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Women remain discriminated despite gender rule

02 March 2015, 21:16 Samuel Kisika

Nairobi – Despite the attainment of the New Constitution which sought to end discrimination against women in all spheres of life, majority of women still work in informal sectors without any federal support.

A survey dubbed “The Convention of the Elimination of all Forms of Discrimination against Women (CEDAW)” conducted in 2014 by Ministry of Devolution indicates that only 29% women earn from formal employment in the country.

“Currently, women in Kenya do the vast of agricultural work and produce/market the majority food yet they earn only a fraction of the income generated and own a nominal percentage of assets,” states the CEDAW report.

“The effect is severe - nearly 40% of households are run solely by women and, because of lack of fair income, nearly all these homes suffer from poverty or extreme poverty,” the report adds, citing from another 2014 FSD survey.

The inequality menace in employment contravenes the Employment Act, Section 5 (3) and the Constitution’s Article 26 to 51 which bars any form of discrimination on grounds of gender (among others) in accessing jobs and job security.

Read Also: Wealthier men less likely to do housework

Although the Constitution provides that not more than two-thirds of any appointed or elected body may be of same gender to realize gender balance, the report shows that the country is yet to meet the 30% gender threshold. For instance, it reveals that the nation has only 15 women envoys, equivalent to 23.85 of its diplomatic corps.

“There continues to be under-representation of women in the Diplomatic corps positions despite the constitutional provision demanding for equitable representation of men and women in appointive positions,” states the survey.

Discrimination in appointive positions is particularly worse at County Government level compared to National Government. For example, the survey shows out of 47 County Secretaries, only 6 are female which is equivalent to 13% while out of 47 County Assembly Clerks, only 10 are female, equivalent to 21%.

At the National Government level, the report shows there is extreme inequality in Parastatals where out of 36 appointed parastatal heads in the country, only two are female, equivalent to 6%. Other heads in selected government organizations such as Cabinet Secretaries and Principal Secretaries, Chair - Independent Offices, Chair- Constitutional Commissions and Magistrates within Nairobi, meet the constitutional 30% gender rule.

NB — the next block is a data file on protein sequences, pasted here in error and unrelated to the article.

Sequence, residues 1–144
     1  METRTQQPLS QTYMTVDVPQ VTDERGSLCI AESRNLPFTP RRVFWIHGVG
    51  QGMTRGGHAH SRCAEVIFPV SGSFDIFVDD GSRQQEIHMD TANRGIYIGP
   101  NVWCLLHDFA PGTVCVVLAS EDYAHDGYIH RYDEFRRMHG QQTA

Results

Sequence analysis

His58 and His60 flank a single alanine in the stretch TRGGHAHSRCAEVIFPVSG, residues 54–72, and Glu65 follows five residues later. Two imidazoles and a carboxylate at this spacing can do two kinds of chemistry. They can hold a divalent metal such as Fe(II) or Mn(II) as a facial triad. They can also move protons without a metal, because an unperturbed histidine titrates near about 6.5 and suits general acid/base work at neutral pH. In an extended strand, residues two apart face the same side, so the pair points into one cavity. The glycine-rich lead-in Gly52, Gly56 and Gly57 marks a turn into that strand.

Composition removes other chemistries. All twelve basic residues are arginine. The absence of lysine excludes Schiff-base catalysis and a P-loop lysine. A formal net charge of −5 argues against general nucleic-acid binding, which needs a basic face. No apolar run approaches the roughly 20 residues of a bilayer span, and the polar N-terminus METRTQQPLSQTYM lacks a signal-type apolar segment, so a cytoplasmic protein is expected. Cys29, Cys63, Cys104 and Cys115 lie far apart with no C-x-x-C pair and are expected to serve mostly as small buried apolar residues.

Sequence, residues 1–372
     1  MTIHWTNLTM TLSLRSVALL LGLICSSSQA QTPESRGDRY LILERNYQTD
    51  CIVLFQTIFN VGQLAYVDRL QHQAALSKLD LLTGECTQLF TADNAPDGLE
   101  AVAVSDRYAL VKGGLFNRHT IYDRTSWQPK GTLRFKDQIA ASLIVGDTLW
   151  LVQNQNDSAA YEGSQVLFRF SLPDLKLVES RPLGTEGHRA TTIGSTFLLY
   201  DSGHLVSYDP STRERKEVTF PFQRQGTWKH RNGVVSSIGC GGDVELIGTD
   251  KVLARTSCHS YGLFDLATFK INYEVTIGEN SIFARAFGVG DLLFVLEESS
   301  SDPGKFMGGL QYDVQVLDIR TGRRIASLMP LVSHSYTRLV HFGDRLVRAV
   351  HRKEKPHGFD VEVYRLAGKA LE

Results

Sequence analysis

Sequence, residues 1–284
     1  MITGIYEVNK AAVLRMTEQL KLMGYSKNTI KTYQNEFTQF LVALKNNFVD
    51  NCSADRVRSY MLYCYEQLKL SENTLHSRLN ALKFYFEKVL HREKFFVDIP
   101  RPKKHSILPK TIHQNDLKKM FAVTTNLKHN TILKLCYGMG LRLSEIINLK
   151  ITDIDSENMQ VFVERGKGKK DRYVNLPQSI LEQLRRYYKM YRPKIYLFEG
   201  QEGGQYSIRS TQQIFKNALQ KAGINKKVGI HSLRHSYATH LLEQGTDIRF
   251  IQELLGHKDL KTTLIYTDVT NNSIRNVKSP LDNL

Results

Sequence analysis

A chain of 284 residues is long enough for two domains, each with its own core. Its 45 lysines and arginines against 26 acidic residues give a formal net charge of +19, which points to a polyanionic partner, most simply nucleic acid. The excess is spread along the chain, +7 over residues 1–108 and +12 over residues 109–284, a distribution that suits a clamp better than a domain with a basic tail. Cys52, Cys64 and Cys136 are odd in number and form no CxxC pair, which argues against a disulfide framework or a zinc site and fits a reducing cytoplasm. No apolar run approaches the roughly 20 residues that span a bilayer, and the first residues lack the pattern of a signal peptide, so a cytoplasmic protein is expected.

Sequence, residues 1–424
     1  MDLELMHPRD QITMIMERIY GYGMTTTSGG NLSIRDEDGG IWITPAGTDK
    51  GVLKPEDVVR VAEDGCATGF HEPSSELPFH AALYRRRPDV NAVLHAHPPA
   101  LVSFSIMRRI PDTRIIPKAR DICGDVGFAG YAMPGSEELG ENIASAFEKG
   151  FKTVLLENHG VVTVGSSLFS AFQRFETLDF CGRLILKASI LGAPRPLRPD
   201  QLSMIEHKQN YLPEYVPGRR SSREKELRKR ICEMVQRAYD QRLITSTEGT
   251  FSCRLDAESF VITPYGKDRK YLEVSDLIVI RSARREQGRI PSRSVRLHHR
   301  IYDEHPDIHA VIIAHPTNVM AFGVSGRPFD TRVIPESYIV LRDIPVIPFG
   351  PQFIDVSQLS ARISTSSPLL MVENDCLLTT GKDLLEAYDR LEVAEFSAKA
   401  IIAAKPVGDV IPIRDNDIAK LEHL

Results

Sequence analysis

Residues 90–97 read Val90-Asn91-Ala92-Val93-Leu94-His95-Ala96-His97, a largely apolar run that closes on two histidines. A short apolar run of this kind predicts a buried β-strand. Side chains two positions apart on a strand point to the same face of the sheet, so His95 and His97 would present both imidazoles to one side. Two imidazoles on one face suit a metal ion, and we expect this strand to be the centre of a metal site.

Citizens are also to blame for continued gender inequality since out of sitting 47 Senators and Governors, no female was elected during the 2013 general elections although some contested. Only 16 female, equivalent to 5% out of 290 Members of National Assembly were elected while majority of those in political leadership are nominated to overcome the two-third same gender representation in elective or appointive positions.

However, the CEDAW report shows that there is remarkable increase of female enrollment in educational institutions compared to past decades although parity in university education between men and women is yet to be attained at all levels in the country.

“The overall university student enrollment increased by 34.95 from 240, 551 in 2012/13 to 324, 560 in 2013/14. Women student enrollment rose by 25% to 131, 375 in 2013/14 while male student enrollment increased by 42.6% from 135, 436 in 2012/13 to 193, 185 in 2013/14,” states the survey.

The report reveals the increased university student enrollment particularly among females is attributed to introduction of new courses, establishment of women study centers in some public universities in addition to upgrading of university colleges.

The number of girls enrolling for secondary education has risen but mostly hampered by considerable number of dropouts, indicating that obstacles to girls’ education have not been totally eliminated.

“The number of Kenya Certificate of Secondary Education candidates increased by 3% from 432, 443 in 2012 to 445, 520 in 2013. The number of female candidates grew by 4.6% to 202, 539 in 2013 compared to an increase of 1.7% for number of female candidates. However, the total number of girls is still lower,” states the CEDAW report.

However, Devolution Cabinet Secretary, Anne Waiguru, says so far the country has made remarkable progress in addressing the gender inequality menace after the attainment of the New Constitution and expressed optimism that total equality between the two genders will be attained with the full implementation relevant legislated laws.   

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